John should have served in the temple, like his father did, because he was from the priestly tribe of Levi. But John hated what he saw in the temple. It was wrong and not
what God wanted and he knew it, so he refused the office of priest and went into the desert where I believe that God trained him in the office of a prophet.
John was one of those remarkable men that we meet in scripture from time to time. His methods were like those of Elijah, so some thought that he was that prophet. There were those that thought that he was the Messiah. His life certainly parallels the life of Christ. His birth was miraculous, even though he was not virgin born. After his birth we hear nothing from him until he begins his ministry; the same is true of Jesus. He was a preacher and a prophet and died a brutal death, and so did Jesus. However, unlike John, the death of Jesus brought the forgiveness of sins and eternal life, for all that will believe. John the Baptist prepared the way for Christ; he was a priest by birth, but was called by God to be a prophet.
Now this was John’s testimony when the Jews of Jerusalem sent priests to ask him who he was. (John: 1:19)
A delegation was sent from Jerusalem to ask John a question, “Who are you?” His response is very important, because this is a chance to make something of himself. Over in John 3:30 we find his response when his disciples wanted to make someone greater of him. He said, “He must become greater; I must become less.” That should also be every Christian’s desire; to give Jesus first place in your life. If He doesn’t increase and have first place in your life, He will never be your Lord. For many He is Savior, but He is not Lord.
He did not fail to confess, but confessed freely, “I am not the Christ.” (John 1:20)
They asked him if he was the Christ, because they hoped for the coming of the Messiah. He told them that he was not, so they continued to question him. What great person was he?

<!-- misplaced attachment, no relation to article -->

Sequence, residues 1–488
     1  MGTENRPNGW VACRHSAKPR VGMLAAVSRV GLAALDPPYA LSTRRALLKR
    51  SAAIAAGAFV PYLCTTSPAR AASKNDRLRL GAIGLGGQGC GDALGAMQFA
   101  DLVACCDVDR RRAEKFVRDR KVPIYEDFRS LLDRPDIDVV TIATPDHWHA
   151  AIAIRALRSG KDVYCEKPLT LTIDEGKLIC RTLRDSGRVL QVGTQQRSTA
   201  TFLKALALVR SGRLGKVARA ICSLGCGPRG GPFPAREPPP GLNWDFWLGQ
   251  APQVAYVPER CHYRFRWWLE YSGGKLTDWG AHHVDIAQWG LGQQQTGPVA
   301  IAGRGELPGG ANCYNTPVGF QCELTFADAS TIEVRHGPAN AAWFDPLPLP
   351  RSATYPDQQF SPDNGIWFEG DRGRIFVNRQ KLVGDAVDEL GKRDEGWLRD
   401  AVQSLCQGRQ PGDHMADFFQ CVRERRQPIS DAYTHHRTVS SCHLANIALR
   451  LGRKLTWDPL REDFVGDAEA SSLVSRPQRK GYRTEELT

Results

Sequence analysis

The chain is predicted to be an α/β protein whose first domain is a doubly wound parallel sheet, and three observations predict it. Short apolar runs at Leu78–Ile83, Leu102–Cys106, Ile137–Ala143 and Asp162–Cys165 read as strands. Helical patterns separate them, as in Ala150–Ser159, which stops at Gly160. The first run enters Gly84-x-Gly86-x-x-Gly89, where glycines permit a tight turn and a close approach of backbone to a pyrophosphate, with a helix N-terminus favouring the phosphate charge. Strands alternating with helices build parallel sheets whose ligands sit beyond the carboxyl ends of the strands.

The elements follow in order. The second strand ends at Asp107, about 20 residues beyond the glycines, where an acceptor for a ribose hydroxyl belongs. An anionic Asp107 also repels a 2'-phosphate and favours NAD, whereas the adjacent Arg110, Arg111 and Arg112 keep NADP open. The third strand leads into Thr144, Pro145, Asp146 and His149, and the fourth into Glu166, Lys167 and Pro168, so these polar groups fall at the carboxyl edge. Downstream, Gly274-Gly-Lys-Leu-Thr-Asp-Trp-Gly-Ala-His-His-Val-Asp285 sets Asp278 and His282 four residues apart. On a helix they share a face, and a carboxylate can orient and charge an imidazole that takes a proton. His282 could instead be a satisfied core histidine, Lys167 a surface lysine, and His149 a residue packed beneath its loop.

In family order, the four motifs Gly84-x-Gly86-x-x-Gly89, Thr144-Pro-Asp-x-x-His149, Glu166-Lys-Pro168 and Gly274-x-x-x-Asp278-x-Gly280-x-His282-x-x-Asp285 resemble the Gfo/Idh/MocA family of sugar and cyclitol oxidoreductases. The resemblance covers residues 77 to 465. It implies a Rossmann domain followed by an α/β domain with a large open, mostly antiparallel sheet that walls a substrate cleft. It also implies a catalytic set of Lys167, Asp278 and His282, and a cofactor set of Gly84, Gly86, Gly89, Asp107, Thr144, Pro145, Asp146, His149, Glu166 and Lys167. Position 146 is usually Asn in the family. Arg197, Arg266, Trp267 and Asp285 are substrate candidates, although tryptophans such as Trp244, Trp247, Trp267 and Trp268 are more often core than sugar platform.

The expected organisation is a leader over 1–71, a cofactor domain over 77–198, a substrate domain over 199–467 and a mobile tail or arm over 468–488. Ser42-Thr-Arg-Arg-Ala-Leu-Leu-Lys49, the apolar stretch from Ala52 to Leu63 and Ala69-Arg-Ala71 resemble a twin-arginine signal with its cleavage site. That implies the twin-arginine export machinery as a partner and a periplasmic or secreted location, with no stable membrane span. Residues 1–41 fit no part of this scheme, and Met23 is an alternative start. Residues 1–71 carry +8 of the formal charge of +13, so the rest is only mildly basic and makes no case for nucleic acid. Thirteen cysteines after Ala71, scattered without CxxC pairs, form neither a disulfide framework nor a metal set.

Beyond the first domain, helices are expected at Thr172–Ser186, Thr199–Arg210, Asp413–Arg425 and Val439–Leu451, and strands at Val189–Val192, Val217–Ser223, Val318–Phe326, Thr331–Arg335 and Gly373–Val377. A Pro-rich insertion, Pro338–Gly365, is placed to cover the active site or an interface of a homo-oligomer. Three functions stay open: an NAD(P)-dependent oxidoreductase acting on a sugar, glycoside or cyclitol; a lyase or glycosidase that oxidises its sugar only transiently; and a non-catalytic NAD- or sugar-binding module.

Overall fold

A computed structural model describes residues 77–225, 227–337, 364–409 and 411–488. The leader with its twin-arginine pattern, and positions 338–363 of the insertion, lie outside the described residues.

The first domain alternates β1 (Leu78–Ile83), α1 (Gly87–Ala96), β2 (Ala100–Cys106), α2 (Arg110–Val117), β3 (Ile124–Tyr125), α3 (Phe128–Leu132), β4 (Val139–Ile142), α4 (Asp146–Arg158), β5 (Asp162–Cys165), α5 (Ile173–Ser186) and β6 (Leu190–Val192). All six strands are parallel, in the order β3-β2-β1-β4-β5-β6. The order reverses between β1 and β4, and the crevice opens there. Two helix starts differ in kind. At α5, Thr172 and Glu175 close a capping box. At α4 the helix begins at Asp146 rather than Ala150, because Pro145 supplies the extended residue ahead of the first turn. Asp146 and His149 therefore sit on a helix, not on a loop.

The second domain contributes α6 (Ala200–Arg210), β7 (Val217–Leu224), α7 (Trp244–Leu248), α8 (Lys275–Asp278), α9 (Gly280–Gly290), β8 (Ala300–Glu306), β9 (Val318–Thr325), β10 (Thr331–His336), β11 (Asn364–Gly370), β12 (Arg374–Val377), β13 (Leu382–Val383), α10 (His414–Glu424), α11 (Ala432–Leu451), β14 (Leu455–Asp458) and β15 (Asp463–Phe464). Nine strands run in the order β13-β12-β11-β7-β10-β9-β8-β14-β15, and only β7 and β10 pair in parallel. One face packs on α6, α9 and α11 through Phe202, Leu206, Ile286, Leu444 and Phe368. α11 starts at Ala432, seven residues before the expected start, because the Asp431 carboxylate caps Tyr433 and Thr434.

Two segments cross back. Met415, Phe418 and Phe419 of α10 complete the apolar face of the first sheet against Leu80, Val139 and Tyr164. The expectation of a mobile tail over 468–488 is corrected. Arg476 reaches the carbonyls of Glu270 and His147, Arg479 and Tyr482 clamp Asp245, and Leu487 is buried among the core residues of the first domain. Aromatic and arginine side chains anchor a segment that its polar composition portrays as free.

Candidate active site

They asked him, “Then who are you? Are you Elijah?” He said, “I am not.” “Are you the prophet?” He answered, “No!” (John 1:21)
John says that he is not the prophet Elijah, and that he is not “that other prophet,” spoken of in Deuteronomy, who would be like Moses.
Finally they said, “Who are you? Give us an answer to take back to those who sent us. What do you say about yourself?” (John 1:22)
The delegation needs to know who he is, because that was their assignment. How does John answer them?
John replied in the words of Isaiah the prophet, “I am the voice of one calling in the desert, ‘Make straight the way for the Lord.’” (John 1:23)
John quoted from Isaiah 40:3. He only claims to be a voice. That is all he wants to be. Jesus is the Word. This should be a lesson for us. We should be a voice that speaks the word to declare the Gospel of Jesus Christ. The Word is what is important.
John has a great message, “Make straight the way for the Lord.” He is saying that the kingdom of God is at hand in the person of Jesus Christ, and that they need to get ready for Him by getting rid of all the crocked things in their lives. That’s also a great message for us today. We need to get rid of all the crocked things and all the sin in our lives, because we need His fellowship. 1 John 1:6 says, “If we claim to have fellowship with him yet walk in darkness, we lie and do not live by the truth.”
Now some Pharisees who had been sent questioned him, “why then do you baptize if you are not the Christ, nor Elijah, nor that prophet?” (John 1:24-25)
The Pharisees bring up a technical point. They say, “If you are none of these, why do you baptize?”
“I baptize with water,” John replied, “but among you stands one you do not know. He is the one who comes after me, the thongs of whose sandals I am not worthy to untie.” (John 1:26-27)
Was Jesus in the crowd? He could have been. I wonder.
We call him John the Baptist, but he only used water. The one coming after him would baptize with fire and with the Holy Spirit. That fire is the baptism of judgement that comes upon the earth. The baptism of the Holy Spirit took place at Pentecost.
John tells them that the one that is coming after him is greater than he is. He is just a servant of the Great One, actually he is not even worthy to be his servant or even worthy to unlatch his sandals.
This all happened at Bethany on the other side of the Jordan, when John was baptizing. (John 1:28)
In this verse, the Gospel writer sets the stage for Jesus to step forward to be recognized for the first time. In John 1:29, John the Baptist makes this great declaration, “…..Look, the Lamb of God, who takes away the sin of the world!”